Monthly income plans have failed to perform in the past. Is the new scheme from JP Morgan worth considering?
JPMorgan Mutual Fund plans to launch an open-ended monthly income scheme—JPMorgan India Monthly Income Fund. Such schemes are commonly known as Monthly Income Plans (MIPs) as they offer a regular stream of income every month in the form of dividends. A typical MIP invests almost 85% of its assets under management (AUMs) in debt and keeps a small equity exposure for the upside. The scheme from JPMorgan Mutual Fund would invest 75%-100% of its assets in debt instruments and the remaining portion of the portfolio would be invested in equity.
In an analysis conducted a few months back, we found that MIPs have delivered a lacklustre performance (Read: Monthly Income Plans: Are MIPs worth considering?). In a period when the Reserve Bank of India (RBI) had cut interest rates and when the Sensex went up by nearly 15%, MIPs delivered a below par performance. In a period where MIPs got a chance to prove their mettle, even large fund houses struggled.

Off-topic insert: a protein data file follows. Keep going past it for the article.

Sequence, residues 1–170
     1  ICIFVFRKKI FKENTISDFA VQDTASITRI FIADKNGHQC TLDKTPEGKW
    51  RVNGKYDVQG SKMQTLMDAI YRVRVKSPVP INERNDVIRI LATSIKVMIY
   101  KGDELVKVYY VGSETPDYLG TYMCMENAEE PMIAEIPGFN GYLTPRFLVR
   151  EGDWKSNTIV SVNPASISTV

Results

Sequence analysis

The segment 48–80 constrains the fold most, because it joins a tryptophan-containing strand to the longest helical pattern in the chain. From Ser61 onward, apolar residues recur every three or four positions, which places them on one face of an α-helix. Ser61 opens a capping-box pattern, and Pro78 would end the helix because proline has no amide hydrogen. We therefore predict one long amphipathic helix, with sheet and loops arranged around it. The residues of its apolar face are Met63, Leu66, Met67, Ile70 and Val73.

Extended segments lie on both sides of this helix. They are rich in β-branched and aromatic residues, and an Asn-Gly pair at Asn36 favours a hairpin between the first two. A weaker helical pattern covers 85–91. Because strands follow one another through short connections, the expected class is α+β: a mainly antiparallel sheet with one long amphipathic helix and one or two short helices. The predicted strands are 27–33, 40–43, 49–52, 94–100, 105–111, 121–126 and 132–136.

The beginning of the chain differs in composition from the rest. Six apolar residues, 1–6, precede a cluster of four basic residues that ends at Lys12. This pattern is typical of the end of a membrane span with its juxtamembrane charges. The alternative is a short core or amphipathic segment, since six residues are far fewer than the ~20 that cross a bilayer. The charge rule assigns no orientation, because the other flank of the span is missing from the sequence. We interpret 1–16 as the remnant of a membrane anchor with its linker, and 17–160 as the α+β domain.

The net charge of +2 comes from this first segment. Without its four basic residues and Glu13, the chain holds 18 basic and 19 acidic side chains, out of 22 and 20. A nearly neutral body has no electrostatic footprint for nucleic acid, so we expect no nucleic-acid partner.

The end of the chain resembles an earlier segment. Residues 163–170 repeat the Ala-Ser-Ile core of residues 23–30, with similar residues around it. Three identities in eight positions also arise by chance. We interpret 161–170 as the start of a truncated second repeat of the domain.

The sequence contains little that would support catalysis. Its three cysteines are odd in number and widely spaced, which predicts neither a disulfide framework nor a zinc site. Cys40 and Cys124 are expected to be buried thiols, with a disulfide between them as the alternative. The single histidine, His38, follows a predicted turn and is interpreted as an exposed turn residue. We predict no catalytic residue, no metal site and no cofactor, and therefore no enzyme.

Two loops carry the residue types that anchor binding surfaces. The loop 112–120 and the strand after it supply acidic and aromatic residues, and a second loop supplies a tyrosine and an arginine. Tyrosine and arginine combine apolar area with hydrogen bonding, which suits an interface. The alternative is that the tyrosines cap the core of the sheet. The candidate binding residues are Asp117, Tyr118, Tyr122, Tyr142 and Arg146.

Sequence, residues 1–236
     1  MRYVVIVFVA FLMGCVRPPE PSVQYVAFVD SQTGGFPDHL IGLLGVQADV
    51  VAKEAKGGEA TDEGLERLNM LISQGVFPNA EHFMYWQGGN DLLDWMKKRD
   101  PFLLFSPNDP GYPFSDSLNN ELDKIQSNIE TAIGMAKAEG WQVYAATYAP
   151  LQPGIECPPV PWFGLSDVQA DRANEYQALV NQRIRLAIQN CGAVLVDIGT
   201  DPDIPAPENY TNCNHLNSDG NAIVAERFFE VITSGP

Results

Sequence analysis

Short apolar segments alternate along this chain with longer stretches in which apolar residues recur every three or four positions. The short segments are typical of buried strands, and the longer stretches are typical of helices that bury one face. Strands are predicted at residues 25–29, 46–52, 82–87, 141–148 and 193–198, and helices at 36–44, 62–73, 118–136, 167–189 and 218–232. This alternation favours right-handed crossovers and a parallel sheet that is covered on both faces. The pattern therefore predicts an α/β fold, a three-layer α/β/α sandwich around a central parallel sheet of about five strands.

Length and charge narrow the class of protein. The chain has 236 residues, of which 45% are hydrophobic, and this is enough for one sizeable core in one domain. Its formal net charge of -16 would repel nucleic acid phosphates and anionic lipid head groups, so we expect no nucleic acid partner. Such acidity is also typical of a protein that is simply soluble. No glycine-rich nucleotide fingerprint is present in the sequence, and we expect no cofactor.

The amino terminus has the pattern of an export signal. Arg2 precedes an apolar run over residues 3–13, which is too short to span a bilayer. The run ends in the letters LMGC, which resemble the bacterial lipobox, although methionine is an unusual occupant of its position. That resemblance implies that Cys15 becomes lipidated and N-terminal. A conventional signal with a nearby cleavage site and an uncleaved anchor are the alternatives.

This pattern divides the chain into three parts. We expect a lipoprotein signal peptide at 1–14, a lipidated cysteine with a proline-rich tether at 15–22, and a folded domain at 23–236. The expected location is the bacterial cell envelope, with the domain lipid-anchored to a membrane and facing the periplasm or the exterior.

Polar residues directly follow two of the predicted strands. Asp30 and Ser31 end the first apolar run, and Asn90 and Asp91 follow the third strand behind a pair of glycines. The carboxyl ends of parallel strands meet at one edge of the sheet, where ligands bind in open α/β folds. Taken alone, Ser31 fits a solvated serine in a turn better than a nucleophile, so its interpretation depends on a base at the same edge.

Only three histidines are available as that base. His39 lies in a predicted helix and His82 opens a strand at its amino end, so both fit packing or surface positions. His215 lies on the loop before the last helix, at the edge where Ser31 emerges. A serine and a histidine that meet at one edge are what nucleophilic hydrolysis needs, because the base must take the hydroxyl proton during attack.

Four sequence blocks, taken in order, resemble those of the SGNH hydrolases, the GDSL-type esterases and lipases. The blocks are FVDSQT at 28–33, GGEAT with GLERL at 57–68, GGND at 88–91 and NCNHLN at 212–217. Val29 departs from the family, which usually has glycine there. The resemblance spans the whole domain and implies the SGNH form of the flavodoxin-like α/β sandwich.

Over a year or so back, we compared the performance of MIPs with bank fixed deposits (FDs) (Read: Bank fixed deposits Vs MIPs: Neither monthly, nor income). Even after adjusting for taxes, FDs have proved to be better than the average MIP, over some periods. But the returns on an FD are assured. There are a few MIPs that have done well, but many have been terrible performers.
MIPs are riskier than pure debt funds because of their equity component. While they offer the opportunity to earn higher returns than those from pure debt funds, these may be lower, if the equity component performs poorly, as MIPs usually invest in blue-chip stocks only. There are only a handful of MIPs which have understood what serious asset management is all about.